“You mean to wake up and smell it, or can I drink it?”

“Both,” he said, grinning. Welcome to the world of book publishing. (He was kidding, I discovered later. Orders are already way past his upper indication. Thank goodness.)

A lot of people have asked me why I wrote the book, and, truthfully, there are as many possible answers as there are people asking (more than five, David Givens!). I guess the dominant one has to be the idea that if the book encourages folk to get into this demanding but utterly fulfilling sport, then it might provide some benefit to someone, somewhere.

But that’s only half the story. The San Raphael party in my college rooms … driving a UN half-track while somewhat “refreshed” after racing on the Suez Canal … opening a barrel of Harp lager (remember that stuff?) with some angle iron in a hotel bathroom and trying to hide the evidence by slinging it into the river where it fetched up against a bridge in Northern Ireland and the British army got called out to “defuse” it and … well, you get the idea. How we weren’t arrested several times over…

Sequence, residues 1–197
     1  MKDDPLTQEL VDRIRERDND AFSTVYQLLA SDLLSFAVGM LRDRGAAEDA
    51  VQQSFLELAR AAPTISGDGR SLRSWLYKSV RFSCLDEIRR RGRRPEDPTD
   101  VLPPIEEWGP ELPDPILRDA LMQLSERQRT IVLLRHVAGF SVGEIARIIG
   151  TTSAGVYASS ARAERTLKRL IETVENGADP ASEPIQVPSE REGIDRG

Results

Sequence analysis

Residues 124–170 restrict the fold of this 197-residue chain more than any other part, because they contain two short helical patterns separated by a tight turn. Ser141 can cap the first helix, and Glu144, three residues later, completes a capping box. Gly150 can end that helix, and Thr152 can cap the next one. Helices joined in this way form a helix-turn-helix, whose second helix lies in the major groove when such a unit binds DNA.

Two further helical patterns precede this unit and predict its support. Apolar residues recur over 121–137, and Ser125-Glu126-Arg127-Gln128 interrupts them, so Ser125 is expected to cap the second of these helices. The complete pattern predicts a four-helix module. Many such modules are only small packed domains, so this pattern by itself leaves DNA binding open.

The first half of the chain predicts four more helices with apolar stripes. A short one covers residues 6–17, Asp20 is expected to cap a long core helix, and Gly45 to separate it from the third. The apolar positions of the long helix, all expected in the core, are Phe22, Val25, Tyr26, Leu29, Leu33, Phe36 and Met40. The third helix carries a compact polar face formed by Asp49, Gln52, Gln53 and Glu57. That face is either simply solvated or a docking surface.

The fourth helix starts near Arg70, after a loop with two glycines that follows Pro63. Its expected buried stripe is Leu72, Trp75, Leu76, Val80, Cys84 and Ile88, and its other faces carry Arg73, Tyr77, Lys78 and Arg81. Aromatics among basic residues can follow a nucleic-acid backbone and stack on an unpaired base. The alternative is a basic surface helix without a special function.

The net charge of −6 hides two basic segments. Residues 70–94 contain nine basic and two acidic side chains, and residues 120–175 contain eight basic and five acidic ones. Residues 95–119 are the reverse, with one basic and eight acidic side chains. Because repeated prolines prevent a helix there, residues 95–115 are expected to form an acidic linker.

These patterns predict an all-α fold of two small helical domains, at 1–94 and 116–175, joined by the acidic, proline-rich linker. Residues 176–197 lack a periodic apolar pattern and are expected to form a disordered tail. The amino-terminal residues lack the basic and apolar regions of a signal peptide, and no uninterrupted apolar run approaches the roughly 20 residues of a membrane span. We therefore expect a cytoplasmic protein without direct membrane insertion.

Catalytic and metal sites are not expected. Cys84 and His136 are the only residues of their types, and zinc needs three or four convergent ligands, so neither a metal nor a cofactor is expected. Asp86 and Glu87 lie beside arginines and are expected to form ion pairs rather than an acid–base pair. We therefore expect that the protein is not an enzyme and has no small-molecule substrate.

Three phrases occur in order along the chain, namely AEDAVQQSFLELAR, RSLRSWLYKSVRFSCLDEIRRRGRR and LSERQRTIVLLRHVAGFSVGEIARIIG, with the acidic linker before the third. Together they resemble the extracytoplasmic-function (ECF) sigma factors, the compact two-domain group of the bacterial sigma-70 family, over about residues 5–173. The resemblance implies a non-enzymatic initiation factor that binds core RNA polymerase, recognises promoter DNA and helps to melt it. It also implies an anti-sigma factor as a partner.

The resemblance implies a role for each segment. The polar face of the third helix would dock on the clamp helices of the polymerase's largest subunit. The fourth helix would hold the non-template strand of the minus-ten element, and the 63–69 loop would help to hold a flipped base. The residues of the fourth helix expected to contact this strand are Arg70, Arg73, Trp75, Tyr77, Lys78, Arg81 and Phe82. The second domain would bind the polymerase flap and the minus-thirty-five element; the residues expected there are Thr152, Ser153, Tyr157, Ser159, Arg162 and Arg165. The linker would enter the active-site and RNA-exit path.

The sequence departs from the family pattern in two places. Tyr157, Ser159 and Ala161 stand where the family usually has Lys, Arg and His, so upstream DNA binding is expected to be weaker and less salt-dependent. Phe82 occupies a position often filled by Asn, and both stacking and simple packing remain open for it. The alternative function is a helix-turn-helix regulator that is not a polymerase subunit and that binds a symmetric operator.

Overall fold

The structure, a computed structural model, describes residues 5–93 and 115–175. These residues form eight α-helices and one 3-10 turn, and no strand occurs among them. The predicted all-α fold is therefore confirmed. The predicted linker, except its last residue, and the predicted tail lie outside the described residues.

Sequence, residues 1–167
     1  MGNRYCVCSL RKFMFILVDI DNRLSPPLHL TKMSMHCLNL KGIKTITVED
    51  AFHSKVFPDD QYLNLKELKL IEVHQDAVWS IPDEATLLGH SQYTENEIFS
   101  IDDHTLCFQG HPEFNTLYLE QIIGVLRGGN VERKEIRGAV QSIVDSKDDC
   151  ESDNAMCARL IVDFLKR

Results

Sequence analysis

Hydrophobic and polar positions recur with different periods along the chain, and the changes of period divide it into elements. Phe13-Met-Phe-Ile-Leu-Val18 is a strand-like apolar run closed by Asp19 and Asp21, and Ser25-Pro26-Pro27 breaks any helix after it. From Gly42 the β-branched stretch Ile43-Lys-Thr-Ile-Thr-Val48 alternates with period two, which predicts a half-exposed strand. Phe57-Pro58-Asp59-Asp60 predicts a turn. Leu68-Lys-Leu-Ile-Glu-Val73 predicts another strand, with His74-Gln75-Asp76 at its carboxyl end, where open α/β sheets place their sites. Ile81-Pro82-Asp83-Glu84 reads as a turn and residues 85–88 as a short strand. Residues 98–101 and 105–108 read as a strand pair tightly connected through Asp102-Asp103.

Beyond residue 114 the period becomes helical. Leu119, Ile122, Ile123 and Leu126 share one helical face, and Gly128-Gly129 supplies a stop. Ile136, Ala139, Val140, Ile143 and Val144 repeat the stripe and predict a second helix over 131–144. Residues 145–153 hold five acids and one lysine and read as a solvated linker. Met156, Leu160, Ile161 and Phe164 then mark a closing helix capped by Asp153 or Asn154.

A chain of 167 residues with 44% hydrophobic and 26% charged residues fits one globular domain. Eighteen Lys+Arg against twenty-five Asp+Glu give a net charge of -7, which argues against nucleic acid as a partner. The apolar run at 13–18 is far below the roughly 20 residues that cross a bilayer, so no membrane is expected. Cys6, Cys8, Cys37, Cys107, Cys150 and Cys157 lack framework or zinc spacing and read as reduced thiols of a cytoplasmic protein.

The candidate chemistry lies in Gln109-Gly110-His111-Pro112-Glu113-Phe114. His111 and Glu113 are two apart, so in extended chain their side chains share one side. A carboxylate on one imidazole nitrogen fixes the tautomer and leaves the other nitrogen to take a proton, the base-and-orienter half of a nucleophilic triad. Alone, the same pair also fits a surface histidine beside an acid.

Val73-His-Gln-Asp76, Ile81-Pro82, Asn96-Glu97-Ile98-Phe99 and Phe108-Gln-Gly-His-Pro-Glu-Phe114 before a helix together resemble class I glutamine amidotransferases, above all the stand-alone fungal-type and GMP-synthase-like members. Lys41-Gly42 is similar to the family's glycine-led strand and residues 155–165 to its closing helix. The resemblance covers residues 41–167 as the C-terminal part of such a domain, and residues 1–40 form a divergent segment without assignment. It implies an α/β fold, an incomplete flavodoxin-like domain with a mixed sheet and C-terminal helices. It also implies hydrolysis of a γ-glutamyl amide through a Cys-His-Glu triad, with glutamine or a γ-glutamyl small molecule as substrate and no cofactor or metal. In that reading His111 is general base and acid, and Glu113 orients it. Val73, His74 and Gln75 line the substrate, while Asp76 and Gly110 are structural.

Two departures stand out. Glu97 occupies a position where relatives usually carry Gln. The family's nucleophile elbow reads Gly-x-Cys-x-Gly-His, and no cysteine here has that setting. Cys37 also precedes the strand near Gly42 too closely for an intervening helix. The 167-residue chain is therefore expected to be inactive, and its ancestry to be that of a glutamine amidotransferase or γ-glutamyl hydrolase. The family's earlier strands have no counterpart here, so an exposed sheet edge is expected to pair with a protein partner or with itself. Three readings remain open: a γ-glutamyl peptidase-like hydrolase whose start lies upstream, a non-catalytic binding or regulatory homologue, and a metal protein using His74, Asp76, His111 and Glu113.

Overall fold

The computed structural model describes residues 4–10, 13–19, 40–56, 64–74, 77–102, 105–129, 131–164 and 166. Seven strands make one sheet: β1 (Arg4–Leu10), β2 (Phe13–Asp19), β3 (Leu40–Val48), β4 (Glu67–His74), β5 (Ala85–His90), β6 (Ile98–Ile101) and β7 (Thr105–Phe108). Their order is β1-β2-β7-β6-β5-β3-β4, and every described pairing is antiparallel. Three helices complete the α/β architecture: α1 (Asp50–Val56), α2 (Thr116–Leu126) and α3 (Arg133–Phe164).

David Hickey still occasionally rows, being unable to shed the addiction. Married and with three adult children, he lives in London. The Trinity College VIII ( The Liffey Press) is available here for €20 plus postage